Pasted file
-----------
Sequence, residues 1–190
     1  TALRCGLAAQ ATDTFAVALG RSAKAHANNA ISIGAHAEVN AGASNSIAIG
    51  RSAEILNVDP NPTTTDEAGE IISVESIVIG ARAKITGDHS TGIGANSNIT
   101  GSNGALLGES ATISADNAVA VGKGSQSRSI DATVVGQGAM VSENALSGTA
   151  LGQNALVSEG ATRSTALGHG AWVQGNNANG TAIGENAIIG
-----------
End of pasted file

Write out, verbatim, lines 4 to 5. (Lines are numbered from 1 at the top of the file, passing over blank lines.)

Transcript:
   101  GSNGALLGES ATISADNAVA VGKGSQSRSI DATVVGQGAM VSENALSGTA
   151  LGQNALVSEG ATRSTALGHG AWVQGNNANG TAIGENAIIG